Prompted by a few emails from mostly Christians honestly (bah, my own team!) who took the time to contact me to tell me they would not be reading my book, even though most admitted to wanting to (darn you forbidden fruit), because it went against their religious beliefs (we’ll assume these good Christians didn’t read Twilight and I am certain they are not watching The Walking Dead). I started to become very curious about this whole doctrine and ideology business, wondering specifically if Christians really can not believe in reincarnation, according to Christianity.
That is when I googled seven little words “what does the bible say about reincarnation” and my mind blew open.
No, Dorothy, no! Don’t Look Behind the Curtain!!!
Being a lifelong card-carry member of Christianity (with 12 very long and very plaid years of Catholic school to prove it) I was astonished (yea, we’ll go with that word) by what I found. I didn’t know if I just entered the matrix, or left it (Yes, I am Neo in this story. No, you can not be Neo, I am Neo.) and let’s just say it was a good thing I was the Catholic who found this; me and Catholicism have always had what I’d describe as ‘an open relationship,’ so it didn’t plunge me into an existential crisis, but it did strengthen my suspicion that something was very amiss in the world of religion.
When I found this smoking gun…
Reincarnation was Removed from Christian Doctrine in the sixth century!! Say what??
Fact: There was a Roman Emperor named Justinian (the dude in the middle there, the one being depicted as a saint… looks like church and state have always had a torrid love affair), turns out that guy made arrangements for reincarnation to be removed from all official Church doctrine in 553 A.D.
Here’s more proof that Christians believed in reincarnation before 533 A.D. which I found in about 5 minutes
The Truth: A Bitter Pill
So reincarnation was once in Christian church doctrine, but because of this one guy in the sixth century who rigged a vote at a stinking meeting, it now goes completely against the contemporary Christian church’s philosophy? What. The. Heck??
One of the most interesting reasons I’ve read as to why this particular doctrine was axed is that if reincarnation is acknowledged and research demonstrates that souls can change religion from one incarnation to another, a religion’s claim to exclusive truth is negated. Which, ironically, is completely counterintuitive to the premise of religion in the first place; Religion, for the truth seekers.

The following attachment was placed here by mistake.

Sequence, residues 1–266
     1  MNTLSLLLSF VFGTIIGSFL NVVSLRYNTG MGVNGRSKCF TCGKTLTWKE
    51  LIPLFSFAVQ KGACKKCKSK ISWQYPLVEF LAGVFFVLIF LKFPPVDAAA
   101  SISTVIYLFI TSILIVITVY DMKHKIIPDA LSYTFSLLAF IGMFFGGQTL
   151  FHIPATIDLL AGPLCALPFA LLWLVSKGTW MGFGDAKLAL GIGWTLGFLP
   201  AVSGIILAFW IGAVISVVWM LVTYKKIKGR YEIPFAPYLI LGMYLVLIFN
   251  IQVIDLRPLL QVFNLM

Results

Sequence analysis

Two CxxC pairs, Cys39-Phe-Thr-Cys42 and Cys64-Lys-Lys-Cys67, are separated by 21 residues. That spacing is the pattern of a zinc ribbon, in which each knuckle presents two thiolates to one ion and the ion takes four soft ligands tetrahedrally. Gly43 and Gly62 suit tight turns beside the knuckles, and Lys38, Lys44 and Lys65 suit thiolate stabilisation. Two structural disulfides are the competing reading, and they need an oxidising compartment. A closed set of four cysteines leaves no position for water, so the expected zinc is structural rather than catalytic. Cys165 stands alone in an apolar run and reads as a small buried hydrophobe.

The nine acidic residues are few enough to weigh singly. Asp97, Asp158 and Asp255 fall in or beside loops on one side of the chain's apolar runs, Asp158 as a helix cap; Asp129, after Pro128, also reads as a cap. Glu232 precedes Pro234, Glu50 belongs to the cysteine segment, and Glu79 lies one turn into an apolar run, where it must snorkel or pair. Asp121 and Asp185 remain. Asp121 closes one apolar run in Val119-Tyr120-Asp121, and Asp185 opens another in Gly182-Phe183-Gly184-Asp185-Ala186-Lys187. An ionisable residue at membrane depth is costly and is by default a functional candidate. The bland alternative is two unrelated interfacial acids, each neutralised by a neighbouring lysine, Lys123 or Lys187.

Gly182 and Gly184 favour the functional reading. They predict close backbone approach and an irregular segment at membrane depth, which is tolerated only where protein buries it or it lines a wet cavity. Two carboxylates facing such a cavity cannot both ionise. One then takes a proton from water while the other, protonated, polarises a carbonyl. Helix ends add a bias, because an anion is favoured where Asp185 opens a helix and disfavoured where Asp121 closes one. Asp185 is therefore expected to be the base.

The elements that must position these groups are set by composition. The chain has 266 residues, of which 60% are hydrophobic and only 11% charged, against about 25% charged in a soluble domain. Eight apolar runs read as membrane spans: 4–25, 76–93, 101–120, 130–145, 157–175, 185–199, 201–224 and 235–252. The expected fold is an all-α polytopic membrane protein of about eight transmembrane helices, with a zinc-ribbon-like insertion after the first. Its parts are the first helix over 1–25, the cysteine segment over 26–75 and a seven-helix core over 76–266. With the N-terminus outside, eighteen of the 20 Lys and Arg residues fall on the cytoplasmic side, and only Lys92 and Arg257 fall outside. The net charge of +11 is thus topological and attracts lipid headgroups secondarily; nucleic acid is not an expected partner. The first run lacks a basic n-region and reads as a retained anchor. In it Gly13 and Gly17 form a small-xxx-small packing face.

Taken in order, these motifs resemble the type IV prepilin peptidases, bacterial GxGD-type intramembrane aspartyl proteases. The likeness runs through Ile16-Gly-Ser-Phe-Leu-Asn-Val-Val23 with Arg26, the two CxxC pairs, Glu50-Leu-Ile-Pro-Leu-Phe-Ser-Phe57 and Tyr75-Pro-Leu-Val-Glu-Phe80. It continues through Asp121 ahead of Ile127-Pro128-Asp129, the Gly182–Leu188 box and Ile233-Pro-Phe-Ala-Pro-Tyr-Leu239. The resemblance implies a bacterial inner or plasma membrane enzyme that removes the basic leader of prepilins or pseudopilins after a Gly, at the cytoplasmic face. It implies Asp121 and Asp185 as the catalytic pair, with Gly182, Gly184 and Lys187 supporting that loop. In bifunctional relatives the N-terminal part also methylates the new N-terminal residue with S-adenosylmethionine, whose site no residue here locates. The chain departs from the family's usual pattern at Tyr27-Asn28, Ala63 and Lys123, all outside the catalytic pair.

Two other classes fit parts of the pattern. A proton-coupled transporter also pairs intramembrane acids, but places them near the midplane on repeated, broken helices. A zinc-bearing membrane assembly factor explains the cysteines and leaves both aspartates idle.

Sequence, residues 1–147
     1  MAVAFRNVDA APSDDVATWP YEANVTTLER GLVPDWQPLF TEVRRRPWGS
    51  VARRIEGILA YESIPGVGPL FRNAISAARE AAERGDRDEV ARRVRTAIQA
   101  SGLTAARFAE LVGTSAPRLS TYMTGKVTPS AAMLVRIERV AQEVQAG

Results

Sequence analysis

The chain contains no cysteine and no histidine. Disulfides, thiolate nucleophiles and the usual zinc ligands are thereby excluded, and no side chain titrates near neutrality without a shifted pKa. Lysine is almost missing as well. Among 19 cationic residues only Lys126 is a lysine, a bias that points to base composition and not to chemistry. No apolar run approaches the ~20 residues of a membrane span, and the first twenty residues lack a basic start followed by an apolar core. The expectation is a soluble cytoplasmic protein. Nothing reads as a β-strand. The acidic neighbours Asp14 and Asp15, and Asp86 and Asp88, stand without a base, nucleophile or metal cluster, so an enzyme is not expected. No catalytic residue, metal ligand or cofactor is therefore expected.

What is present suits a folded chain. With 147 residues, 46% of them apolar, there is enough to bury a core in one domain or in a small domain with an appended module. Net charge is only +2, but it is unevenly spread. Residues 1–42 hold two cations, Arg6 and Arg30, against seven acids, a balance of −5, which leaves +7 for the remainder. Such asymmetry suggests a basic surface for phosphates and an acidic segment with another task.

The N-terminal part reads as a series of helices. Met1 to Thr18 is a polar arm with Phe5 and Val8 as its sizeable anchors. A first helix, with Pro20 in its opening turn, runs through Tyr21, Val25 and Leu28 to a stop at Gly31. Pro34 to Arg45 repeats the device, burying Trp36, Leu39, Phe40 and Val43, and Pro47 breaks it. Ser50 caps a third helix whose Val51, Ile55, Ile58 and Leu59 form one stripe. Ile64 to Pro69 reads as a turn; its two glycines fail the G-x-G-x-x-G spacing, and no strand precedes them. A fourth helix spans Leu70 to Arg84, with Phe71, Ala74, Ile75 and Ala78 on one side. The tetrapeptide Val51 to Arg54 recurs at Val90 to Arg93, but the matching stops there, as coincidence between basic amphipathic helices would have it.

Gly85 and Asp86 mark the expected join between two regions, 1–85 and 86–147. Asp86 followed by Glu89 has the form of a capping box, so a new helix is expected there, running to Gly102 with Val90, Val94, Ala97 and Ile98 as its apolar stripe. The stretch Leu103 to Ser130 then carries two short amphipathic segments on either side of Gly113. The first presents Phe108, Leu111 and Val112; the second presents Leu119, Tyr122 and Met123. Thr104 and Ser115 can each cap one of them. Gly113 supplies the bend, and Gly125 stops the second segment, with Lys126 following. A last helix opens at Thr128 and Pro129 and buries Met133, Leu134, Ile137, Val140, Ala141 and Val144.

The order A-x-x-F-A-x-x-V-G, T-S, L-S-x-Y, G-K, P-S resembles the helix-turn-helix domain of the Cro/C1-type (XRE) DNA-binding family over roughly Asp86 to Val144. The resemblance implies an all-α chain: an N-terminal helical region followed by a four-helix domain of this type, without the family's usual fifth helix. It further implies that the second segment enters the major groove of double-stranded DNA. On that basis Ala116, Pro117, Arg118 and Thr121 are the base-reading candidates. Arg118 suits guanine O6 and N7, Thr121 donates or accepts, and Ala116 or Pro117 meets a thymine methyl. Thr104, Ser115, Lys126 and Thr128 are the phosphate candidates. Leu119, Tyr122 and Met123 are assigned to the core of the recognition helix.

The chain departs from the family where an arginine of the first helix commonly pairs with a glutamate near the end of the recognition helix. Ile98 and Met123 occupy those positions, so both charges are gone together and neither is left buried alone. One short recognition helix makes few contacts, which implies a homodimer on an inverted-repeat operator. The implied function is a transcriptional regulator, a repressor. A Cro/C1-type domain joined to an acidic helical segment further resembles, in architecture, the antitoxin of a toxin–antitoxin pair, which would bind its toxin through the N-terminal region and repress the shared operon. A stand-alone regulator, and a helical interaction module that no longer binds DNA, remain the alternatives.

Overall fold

Like most Catholics I assumed our church did not believe in reincarnation. Now or ever. I’m shocked at this revelation and sort of bewildered by what that all means.
‘The afterlife’ is kind of a main thing, if not the main thing, in all religions.
The fact that reincarnation was once a pillar of Christianity and is now considered nothing short of heresy kind of just speaks to a long and bloody history of people needing to calm the fuck down about their specific religion and its very specific rules and ideas because, more likely than not, there’s some odd story or other reason more human than divine (like our good friend Justinian), as to why you don’t eat pork.
So, do what you want, but remember that almost everything your religion believes in was decided by humans just like you and the rest of it is a lot like every other religion! So no one else needs to buy your particular brand of what may very well one day be considered bullshit (hey, welcome to the club my friend), and certainly no one needs to lose their head over it! You know, I’m starting to think there may have been a reason that when John Lennon was writing ‘Imagine’ he was like…
“… nothing to kill or die for … and … and you know what? No religion too.”
(Disclaimer: I have zero proof the following conversation ever took place)
“Really, no religion John? (British accent)” That’s Paul, or Ringo, whichever you want it to be 🙂
“Yeah man, no religion too.”
“Damn mate, are you sure? You know John, people are not gonna like that line. They’re not gonna like it at all.”
“You’re right. So… I think we should probably say it then.”
“Oh, bloody hell.”
Can You Even Imagine?
No religion, I don’t know what that would even look like, and despite discovering I’ve basically been lied to I actually like my religion, but I do think maybe we should attempt to understand, on a deeper level, what Lennon was trying to say.
Maybe it’s that divinity and spirituality come straight from the source but religions are built by humans, created largely of ideologies. Maybe it’s the ideologies of our religions that aren’t as important as we’ve always thought. And we don’t have to throw out our faith in a divine source, since it’s all essentially the same in the end—humanity is one, and God is love—at least, you know, according to every single religion on earth.
Written by Tiffany FitzHenry, author The Oldest Soul Trilogy
“FitzHenry’s The Oldest Soul Trilogy, being hailed as “The Da Vinci Code for Twilight fans.”
Voted #1 “The Best New Adult Series” – Goodreads
Eve has no idea she’s the oldest soul on earth, with a pre-wired connection to every other soul on the planet and that the boy she’s mysteriously drawn to, named Roman, has been her soul mate, her love of nearly three hundred lifetimes—until he tells her.
But what Roman doesn’t mention is that the new genetic test called Animus will soon expose what she is to the whole world and that he’s being tasked with the impossible; steering her, into the open arms of another, a boy named Jude. She’ll learn that Jude’s the only brand new soul on earth; the one who’s come to change the world, and that the future of humanity rests in their intertwined destiny.
“Highly recommended if you’re looking for a quickly paced, page turner! Watch out Katniss Everdeen, Evelyn O’Cleirigh is here! Five stars!” – Goodreads review The Oldest Soul – Animus
Buy Animus Today:
Available everywhere books are sold!
Warning: This is only for the people with a good sense of humor. All others, proceed with extreme caution.